Abstract: Why Did Early Industrial Capitalists suggest Minimum Wages and Social Insurance?

Alfred Reckendrees

Abstract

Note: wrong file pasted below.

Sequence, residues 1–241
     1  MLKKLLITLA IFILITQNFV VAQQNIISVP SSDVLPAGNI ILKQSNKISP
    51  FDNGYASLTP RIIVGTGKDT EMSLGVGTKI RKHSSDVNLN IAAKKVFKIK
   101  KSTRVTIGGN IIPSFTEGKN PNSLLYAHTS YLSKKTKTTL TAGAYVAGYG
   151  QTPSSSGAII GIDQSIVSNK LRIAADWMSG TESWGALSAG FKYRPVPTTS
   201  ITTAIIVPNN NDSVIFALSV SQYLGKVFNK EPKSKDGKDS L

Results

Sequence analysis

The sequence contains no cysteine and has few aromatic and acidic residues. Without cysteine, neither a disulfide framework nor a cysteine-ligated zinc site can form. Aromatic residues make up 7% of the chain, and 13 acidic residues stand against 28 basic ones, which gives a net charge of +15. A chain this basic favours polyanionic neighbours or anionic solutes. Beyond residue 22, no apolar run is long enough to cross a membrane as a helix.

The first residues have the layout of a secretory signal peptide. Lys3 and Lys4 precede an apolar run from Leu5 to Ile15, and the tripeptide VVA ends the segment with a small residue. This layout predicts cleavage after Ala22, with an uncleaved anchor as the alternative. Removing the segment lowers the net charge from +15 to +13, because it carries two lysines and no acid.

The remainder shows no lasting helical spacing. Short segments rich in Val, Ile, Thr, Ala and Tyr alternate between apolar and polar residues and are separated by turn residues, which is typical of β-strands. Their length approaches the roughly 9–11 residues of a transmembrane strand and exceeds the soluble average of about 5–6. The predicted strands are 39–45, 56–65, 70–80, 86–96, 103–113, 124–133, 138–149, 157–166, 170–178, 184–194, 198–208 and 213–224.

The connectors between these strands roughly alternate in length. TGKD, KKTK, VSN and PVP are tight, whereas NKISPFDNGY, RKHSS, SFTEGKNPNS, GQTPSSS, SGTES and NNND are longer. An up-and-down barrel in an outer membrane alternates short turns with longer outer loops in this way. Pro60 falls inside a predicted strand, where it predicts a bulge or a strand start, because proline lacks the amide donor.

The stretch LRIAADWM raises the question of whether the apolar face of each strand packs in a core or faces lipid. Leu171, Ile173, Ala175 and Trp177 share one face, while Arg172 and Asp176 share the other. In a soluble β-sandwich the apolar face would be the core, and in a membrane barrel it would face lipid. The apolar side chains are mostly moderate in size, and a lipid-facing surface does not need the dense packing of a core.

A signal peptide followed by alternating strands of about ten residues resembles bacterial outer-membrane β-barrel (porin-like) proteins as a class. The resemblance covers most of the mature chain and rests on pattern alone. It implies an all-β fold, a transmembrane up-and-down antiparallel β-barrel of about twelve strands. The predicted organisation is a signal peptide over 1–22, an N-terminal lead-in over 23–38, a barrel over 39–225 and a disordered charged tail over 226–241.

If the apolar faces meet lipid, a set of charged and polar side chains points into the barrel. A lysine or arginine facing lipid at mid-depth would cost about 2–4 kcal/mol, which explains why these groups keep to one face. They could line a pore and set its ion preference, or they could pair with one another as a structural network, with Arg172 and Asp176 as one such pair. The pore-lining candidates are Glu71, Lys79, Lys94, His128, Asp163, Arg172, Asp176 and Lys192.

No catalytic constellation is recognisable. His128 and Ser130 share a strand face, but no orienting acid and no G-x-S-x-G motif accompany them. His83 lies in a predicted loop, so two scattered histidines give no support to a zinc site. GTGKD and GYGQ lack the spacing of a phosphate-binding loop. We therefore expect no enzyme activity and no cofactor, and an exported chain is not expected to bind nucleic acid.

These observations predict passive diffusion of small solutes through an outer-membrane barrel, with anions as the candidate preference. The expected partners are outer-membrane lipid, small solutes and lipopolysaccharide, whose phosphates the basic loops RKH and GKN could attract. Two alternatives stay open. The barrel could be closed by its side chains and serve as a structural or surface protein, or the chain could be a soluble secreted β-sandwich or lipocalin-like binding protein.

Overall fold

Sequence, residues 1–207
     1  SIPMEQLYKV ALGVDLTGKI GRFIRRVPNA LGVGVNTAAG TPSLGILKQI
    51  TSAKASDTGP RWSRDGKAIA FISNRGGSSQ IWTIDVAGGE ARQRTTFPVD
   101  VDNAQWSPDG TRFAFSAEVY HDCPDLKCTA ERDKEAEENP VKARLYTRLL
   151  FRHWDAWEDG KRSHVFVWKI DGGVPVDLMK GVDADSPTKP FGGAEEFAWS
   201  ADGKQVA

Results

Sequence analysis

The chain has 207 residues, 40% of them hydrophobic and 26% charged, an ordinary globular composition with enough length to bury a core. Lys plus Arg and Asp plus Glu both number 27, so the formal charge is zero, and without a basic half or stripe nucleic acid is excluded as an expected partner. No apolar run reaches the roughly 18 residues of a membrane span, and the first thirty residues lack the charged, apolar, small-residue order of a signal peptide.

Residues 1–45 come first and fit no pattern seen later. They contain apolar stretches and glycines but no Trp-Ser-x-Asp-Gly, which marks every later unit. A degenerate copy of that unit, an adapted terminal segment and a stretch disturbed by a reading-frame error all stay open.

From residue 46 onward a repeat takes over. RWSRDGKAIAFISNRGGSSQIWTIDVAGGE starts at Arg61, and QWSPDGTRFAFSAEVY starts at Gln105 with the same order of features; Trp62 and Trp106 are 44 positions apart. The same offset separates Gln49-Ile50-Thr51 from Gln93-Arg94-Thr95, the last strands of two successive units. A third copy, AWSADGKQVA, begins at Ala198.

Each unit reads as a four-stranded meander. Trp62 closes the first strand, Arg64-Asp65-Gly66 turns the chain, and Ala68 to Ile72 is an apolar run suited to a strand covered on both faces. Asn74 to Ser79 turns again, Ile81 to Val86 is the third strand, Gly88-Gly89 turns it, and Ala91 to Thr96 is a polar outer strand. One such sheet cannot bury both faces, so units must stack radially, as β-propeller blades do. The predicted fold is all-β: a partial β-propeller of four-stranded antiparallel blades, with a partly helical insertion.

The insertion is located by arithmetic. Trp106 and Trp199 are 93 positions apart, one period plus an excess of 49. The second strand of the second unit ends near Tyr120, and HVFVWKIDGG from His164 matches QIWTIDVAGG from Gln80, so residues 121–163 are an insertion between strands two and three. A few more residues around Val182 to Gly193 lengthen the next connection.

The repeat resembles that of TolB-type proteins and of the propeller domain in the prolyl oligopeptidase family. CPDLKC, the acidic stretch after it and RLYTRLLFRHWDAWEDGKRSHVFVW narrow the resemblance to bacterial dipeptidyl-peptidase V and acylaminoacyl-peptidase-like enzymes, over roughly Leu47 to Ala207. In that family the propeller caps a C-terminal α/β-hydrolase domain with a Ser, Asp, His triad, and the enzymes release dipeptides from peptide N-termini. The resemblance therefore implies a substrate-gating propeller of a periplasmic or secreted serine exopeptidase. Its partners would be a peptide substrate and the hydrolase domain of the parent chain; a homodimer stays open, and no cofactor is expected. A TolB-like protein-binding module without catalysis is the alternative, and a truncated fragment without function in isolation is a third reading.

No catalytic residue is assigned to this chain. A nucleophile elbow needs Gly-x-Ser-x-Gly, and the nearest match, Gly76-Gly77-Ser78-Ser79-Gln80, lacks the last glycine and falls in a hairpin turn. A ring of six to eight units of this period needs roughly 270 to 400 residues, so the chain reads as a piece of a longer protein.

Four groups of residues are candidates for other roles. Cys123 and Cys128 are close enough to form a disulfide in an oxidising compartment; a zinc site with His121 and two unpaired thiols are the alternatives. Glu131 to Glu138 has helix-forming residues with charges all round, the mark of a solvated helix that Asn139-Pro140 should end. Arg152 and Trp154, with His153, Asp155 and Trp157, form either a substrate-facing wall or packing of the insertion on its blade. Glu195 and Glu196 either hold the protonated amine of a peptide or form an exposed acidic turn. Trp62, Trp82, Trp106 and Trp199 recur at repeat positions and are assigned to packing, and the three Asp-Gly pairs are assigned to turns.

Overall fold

The industrial district of Aachen (Prussian Rhineprovince) was the economically most advanced region in Prussia in the early nineteenth century, leading in terms of industrial employment, technology, and modern industrial organization. Surprisingly, regional entrepreneurs proposed elements of a modern welfare economy. In 1830, they suggested the introduction of collective labor rules regulating working hours and payment, and about 1860—more than twenty years before Bismarck—they proposed a pension system with equal mandatory contributions from employers and employees. The proposals did not gain support from the Prussian authorities, who argued that collective agreements would violate the freedom of contracting. The view of entrepreneurs defending economic liberalism and demanding social institutions in order to stabilize the social environment and to integrate labor into the capitalist society and the Prussian state somehow contradicts the dominant perception of the development of the Bismarckian welfare state as a means to reconcile labor with the new German state. The motivation of the industrialists' suggestions was based on economic reasoning and self-interest rather than on philanthropic ideas. While analyzing social policy as an entrepreneurial aim, the paper puts the German welfare state in a new perspective.